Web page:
Styrofoam container: banned from Washington DC

The citizens of Washington, D.C. will no longer see styrofoam containers in their daily lives. The City Council passed the "Sustainable D.C. Omnibus Act of 2014."

As of January 1, 2016, D.C. restaurants, supermarkets and food trucks will no longer be allowed to give customers single-use serving containers made of expanded polystyrene (EPS) foam. Meat trays in grocery stores will be exempt.

Because EPS is more than 95 percent air, these products break apart easily, never biodegrade and litter parks, streets, river, lakes and oceans.

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Surfing: untreated human sewage is killing our spots | Photo: Surfers Against Sewage

Surfers Against Sewage (SAS) has launched a real-time water quality app that protects all water users from pollution.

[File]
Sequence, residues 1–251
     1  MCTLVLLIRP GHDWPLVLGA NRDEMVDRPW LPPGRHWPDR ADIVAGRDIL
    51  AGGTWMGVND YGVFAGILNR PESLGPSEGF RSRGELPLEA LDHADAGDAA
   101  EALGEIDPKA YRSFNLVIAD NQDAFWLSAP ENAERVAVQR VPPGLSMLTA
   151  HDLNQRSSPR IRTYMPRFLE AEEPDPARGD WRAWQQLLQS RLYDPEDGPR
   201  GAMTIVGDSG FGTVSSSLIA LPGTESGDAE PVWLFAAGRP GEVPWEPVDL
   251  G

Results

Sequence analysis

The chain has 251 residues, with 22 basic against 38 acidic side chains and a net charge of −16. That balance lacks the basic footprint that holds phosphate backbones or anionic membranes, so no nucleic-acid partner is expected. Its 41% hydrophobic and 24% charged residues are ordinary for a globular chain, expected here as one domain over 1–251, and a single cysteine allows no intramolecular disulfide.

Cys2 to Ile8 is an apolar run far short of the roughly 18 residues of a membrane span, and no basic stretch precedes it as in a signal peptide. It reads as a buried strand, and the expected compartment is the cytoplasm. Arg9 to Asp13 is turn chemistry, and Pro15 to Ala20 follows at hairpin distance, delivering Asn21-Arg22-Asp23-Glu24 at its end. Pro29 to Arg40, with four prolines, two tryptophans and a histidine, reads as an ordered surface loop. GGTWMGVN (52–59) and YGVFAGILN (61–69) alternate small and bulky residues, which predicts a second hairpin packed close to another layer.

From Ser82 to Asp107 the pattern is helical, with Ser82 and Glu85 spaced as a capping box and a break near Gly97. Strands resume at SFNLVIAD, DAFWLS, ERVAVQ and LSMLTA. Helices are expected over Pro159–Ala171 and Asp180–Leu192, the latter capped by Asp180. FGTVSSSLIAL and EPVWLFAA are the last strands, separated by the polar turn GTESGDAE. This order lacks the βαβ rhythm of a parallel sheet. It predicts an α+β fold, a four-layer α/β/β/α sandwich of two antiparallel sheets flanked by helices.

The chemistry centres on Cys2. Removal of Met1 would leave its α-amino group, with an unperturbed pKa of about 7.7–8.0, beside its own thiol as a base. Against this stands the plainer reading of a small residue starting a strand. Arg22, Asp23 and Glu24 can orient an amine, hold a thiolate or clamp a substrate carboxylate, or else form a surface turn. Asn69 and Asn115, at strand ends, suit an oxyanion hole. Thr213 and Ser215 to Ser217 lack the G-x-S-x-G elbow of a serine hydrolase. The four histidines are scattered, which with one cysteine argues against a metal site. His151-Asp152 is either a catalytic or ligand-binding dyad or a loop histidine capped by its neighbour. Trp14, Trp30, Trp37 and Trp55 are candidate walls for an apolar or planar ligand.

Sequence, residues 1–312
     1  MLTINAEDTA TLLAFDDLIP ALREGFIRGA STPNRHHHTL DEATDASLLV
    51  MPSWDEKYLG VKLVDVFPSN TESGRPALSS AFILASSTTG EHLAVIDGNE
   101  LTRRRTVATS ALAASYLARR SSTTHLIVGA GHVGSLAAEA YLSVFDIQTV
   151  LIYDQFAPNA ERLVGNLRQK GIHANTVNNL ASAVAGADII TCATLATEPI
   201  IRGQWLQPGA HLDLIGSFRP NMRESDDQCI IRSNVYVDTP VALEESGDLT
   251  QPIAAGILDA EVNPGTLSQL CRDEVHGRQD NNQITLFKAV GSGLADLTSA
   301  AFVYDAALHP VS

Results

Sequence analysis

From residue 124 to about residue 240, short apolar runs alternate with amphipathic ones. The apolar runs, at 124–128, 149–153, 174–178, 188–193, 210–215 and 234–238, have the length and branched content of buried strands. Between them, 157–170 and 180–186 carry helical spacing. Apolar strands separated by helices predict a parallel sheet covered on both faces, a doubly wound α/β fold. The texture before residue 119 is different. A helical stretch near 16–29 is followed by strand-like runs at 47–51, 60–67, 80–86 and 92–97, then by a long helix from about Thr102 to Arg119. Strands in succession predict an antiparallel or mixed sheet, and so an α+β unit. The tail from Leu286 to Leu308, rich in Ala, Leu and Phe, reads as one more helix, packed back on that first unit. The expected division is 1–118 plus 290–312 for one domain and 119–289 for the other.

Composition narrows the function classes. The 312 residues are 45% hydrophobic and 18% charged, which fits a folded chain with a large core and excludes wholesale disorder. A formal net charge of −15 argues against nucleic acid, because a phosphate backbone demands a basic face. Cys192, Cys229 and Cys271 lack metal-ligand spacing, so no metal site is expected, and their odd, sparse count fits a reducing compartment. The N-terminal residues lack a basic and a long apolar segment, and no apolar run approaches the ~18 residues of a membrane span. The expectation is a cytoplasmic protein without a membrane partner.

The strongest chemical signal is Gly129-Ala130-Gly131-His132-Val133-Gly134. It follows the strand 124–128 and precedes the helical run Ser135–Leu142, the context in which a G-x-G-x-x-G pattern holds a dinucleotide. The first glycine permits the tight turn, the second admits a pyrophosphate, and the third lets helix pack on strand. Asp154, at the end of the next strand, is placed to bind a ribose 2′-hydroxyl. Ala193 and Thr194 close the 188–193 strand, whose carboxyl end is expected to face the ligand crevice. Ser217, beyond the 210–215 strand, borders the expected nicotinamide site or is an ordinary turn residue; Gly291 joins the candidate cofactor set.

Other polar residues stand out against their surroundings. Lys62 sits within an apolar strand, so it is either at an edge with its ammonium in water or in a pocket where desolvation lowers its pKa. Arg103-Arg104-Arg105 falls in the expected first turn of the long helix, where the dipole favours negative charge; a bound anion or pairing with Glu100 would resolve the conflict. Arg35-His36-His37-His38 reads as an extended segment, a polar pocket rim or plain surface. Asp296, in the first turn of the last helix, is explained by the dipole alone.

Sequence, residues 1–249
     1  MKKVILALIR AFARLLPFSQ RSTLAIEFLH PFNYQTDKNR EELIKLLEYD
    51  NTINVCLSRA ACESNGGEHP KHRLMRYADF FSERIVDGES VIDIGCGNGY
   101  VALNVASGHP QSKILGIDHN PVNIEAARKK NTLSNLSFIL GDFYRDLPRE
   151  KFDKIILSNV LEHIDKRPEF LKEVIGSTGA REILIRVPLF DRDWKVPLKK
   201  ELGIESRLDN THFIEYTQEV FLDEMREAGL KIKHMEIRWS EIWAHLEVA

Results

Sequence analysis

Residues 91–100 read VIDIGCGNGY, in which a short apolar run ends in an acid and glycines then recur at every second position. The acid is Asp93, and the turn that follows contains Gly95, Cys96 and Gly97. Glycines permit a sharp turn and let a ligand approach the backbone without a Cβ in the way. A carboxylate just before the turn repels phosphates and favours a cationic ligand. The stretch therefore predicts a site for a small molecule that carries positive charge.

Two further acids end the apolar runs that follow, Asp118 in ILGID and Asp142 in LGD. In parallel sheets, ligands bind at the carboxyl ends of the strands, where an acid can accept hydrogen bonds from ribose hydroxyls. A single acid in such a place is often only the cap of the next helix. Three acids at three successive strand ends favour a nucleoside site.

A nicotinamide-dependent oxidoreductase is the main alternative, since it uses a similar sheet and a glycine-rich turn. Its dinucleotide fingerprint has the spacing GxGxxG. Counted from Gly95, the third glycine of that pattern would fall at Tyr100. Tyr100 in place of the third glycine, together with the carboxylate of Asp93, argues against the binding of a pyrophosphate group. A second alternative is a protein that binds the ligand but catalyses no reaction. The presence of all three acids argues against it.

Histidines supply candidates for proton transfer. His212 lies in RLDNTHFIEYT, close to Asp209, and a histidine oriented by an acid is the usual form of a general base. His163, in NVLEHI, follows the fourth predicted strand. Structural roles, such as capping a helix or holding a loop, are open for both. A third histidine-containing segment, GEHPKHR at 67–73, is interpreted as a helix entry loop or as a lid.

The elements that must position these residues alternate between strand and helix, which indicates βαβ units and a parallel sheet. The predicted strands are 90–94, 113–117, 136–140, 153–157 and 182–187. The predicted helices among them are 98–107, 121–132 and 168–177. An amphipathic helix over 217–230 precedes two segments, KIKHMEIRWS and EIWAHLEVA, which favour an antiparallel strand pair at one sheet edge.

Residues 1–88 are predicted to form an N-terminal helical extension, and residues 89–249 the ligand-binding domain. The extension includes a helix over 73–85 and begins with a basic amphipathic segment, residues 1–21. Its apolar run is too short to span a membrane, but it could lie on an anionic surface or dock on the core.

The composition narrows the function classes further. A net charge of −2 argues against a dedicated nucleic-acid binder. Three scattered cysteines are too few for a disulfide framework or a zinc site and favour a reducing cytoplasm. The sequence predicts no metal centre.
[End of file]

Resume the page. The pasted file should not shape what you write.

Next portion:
The Safer Seas Service is a pioneering free service that sends alerts to water users when sewer overflows discharge untreated human sewage into the sea, and when water quality is reduced by diffuse pollution at 315 beaches across England and Wales.

Surfers Against Sewage is basically doing what the government should do for all citizens. The best British surf spots are, many times, threatened by dangerous diffuse pollution, the term given to pollution from multiple, often unidentified sources.

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Lego: washing up in Cornwall since 1997 | Photo: Lego Lost At Sea

In 1997, a total of 4,756,940 Lego pieces were lost in the waters of Cornwall. More than 17 years later, plastic daisy flowers, dragons, spear guns, pirates and octopus are washing up, for example, at Perran Sands, in the United Kingdom.

On the 13th February 1997, container ship Tokio Express was hit by a freak wave. As a result, the giant of the seas dropped 62 containers in the cold Cornish waters.

Since that day, the beaches are Cornwall are a treasure ground for Lego enthusiasts, and collectors. The container was lost 20 miles off the coast of Lands End, but rip currents, tides, winds and swells have kept the Lego pieces in the region.

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